>> it will be better for afghanistan if we could gea peace agreement before the election, whis scheduled in july. b >> schifri the two sides have not agreed on a taliban cease-fire, or the taliban's meeting directly with the afghan povernment-- which khalilzad called the most ant, and difficult stage. >> we have offered to do what w, can to be helpf our help is needed. but it's for the afghans to decide. it's for the afghans to have the conversatis. it's for the afghans toth negotiate ach other. it is for the afghans to accept each other. >> schifrin: but so far, the taliban refuse to accept even talking directly with the afghan government, and the afghan government is coerned about khalilzad's pace. on monday, before the latest round of talks ended, i spoke with nader nadery, a senior advisor to president ashraf ghani. what level of input has president ghani or your government had in ambassador's
talks with the taliban? >> our level of input what we would like to see increased andq expanded, the nce of the different processes, and also we want to see that the differen elements, which is the withdrawal of the troops, reduction of the troops, not using afghanistan or taliban cutting ties with the terrorist groups, then theti negot with afghan government and cease fire. of these are interlinked and the afghan government wants to see, being at the center of the table, backed and helped and facilitated by the united states and i think ambassador khalilzad is walking ard that direction. e> these talks are between the united states and aliban, and you said you would like our input expanded.ed i tao a lot of people in kabul who are frustrated with ambassador assad. is the government receiving enough information about what he
is talking to the taliban about? >> i wldn't point to the person. the process is designed such where the government is not the center of the table, and that's what we arerking. ambassador khalilzad is continuing to brief the president, we want to see that and more of a contribution anddi ussion on the substance of the process. the united states shall, and i think it hasm the al authority and the political ability to press the taliban t preserve the centrality of our constitution or the space at's being created >> and do you believe the u.s. is pressing the taliban to preserve the constitutn of the taliban? >> the united states, it has interests and it has values, but it will leave it to afghan people to define what they want, and we as afghan people, we nt to keep the rules of the game ir political poweserved, and that is through the constitution
and through preservation and strengthening to have the democratic process we have. if we don preserve that, the civil war will return back. now, we say we will advocate, we will fight for those vals, including women's participation and equal right in the public admistration and society. >> reporter: president trump explains he wants to withdraw from aftionz. ambassador khalilzad said he esneeds major proby the summer. are you worried the u.s. will not stand with you when it com to defending the constitution in order to make a deal quickly? >> that's a major fear and there is a level of anxiety, when we see that there is a rush. we do understand and we feel the sense of urgency. we have the sense of urmingsy as the people of afghanistan. we want this war to end. we want the guns to bel sient. but silencing the guns shall not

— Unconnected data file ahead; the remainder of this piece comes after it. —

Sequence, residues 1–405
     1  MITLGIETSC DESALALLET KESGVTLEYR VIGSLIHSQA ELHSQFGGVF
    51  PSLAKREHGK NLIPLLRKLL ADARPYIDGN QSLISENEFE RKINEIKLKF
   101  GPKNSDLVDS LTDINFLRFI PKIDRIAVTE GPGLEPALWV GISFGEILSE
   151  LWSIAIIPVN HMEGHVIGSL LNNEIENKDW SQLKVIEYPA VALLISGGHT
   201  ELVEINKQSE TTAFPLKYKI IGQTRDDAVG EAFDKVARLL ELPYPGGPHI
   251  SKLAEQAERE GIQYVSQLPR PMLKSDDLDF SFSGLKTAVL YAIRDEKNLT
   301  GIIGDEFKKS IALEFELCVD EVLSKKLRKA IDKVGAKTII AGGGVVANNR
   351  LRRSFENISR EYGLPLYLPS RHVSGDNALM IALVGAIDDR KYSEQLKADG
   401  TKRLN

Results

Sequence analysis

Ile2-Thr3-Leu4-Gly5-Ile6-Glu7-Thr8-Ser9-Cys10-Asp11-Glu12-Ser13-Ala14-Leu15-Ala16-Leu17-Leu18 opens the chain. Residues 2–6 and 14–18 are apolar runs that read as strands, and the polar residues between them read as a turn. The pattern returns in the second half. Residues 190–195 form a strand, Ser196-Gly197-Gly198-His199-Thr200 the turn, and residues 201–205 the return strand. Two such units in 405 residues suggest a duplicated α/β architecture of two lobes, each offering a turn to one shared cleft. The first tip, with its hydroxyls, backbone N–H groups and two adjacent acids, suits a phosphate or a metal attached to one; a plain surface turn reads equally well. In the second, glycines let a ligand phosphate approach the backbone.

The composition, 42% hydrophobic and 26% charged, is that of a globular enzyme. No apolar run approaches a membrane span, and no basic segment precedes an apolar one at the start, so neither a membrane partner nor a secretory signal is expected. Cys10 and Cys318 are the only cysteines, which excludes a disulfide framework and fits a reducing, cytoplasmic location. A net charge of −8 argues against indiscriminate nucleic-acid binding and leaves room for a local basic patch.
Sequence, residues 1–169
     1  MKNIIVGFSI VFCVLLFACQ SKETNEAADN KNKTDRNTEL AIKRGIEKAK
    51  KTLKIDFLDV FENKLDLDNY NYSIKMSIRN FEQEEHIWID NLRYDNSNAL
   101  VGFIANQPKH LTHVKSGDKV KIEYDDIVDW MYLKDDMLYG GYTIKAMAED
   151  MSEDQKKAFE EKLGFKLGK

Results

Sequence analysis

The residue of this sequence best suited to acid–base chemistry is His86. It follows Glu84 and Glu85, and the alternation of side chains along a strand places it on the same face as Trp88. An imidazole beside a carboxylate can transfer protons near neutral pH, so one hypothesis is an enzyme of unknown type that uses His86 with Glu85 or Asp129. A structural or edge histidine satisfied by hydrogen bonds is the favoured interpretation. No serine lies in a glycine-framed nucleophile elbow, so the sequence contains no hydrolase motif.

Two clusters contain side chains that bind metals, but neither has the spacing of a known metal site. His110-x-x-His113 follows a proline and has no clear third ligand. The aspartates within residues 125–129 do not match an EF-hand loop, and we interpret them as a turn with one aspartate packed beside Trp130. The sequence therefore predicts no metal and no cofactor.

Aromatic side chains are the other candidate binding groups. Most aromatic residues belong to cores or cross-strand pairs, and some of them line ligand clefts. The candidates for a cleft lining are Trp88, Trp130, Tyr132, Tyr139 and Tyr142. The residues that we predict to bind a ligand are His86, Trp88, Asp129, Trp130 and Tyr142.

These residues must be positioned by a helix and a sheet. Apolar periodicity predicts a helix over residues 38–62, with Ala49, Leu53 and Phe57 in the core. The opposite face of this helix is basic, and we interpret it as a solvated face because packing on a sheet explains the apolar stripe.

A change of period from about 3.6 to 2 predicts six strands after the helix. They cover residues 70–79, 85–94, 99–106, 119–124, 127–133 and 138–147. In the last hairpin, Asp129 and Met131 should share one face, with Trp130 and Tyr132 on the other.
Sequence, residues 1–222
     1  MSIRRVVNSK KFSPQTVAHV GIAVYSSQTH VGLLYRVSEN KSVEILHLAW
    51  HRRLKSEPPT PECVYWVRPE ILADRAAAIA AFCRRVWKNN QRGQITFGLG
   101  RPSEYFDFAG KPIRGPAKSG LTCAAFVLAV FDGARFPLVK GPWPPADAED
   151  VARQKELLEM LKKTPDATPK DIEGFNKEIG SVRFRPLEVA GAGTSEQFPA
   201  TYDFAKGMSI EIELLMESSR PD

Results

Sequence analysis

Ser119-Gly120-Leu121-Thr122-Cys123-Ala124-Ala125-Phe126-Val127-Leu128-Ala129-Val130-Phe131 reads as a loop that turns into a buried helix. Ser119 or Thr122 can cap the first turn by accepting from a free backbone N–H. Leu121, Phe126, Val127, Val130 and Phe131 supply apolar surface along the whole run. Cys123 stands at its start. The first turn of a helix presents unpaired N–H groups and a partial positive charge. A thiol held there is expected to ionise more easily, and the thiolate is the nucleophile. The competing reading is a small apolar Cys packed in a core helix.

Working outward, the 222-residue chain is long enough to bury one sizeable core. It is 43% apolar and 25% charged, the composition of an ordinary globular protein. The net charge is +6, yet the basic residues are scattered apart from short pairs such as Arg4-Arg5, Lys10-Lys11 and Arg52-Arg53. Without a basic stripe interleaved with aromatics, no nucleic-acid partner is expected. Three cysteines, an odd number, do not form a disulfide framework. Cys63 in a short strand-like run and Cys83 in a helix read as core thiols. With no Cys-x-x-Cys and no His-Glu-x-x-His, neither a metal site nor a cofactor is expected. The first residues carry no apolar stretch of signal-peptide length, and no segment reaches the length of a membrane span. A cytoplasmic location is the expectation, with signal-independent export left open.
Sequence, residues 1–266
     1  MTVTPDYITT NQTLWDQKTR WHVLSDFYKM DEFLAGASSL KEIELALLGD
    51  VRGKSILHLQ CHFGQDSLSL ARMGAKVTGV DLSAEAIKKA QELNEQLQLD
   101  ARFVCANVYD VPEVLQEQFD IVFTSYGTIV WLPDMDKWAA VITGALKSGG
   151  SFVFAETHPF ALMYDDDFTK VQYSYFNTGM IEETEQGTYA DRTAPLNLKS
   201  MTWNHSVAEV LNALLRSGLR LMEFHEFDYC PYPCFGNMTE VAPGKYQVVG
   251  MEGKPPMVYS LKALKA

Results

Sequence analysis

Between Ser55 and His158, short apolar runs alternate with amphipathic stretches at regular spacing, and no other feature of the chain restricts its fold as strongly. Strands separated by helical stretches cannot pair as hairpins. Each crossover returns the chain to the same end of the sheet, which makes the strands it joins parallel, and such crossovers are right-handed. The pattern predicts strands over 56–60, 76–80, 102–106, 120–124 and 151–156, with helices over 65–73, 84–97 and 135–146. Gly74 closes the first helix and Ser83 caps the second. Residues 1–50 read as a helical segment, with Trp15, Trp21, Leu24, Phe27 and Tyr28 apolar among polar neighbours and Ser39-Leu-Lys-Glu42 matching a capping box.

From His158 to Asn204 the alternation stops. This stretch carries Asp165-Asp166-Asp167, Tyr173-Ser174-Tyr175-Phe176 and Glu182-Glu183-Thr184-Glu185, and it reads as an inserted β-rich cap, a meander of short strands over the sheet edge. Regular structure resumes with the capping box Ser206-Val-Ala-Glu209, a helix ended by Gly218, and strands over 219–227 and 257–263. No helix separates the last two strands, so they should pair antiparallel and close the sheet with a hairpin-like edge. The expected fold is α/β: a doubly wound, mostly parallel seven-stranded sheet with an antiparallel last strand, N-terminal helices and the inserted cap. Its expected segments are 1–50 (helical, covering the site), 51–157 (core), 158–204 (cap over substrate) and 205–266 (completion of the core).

be in a way that is temporary silence.e we want it to arefully done in a design of angreement that will result in a proud moment both for the united states and for afghans that, when the united states looks back to see 17 years of blood and treasure, this is the peace that we have brought in that country and in that region. we're indebted as a nation to the sacrifices the u.s. people have given to us. >> reporter: you use the word "anxiety" when it comes to ambassador khalilzad's talks. has that anxiety increased since the talks began in. >> there's no anxiety about the notion to have the tak itself and khalilzad's discussion and engagement.h we want to see war in the true peace discussion. but the anxiety is on the pace of it and the speed of ita tht distracts all of us from
focusing on the substance and content of thpeace agreement because a speeded process and rueed process will change rules of the game, will reset everything, and, thee, will be an invitation for civil war. that's where people are worried. >> reporter: is the afghan government concerned that the u.s. will ask president ghani to essentially step down so that e u.s. canreate an interim government to allow the taliban in as a part of the peace deal?a >> ordinary af across the country want to see their country political system through a model of election continue, and people need to preserve and gespect that wish, and that's why the afn government is insisting on keeping the election and focus on election continued. >> reporter: seen your advisor to president ashraf ghani, thank
you very much. >> thank you very much for having me. >> woodruff: if you haveny followedumber of stories about asbestos and its role with cancer, deaths and health probms over the years, you might think it's been banned from u in the u.s. well, that's not the case. it is true thaasbestos is not used in building materials the way it once was. but, it still is found in some household products, and some public health experts worry about its continued use. miles o'brien is back with that story, and why the regulation and oversight of it remains a public health concern. it's f our weekly segment on the "leading edge" of science, technology and health. >> reporter: for 15 yes, linda reinstein has pounded the marble halls of power in washington, a ot soldier in a long environmental battle that you might think was over.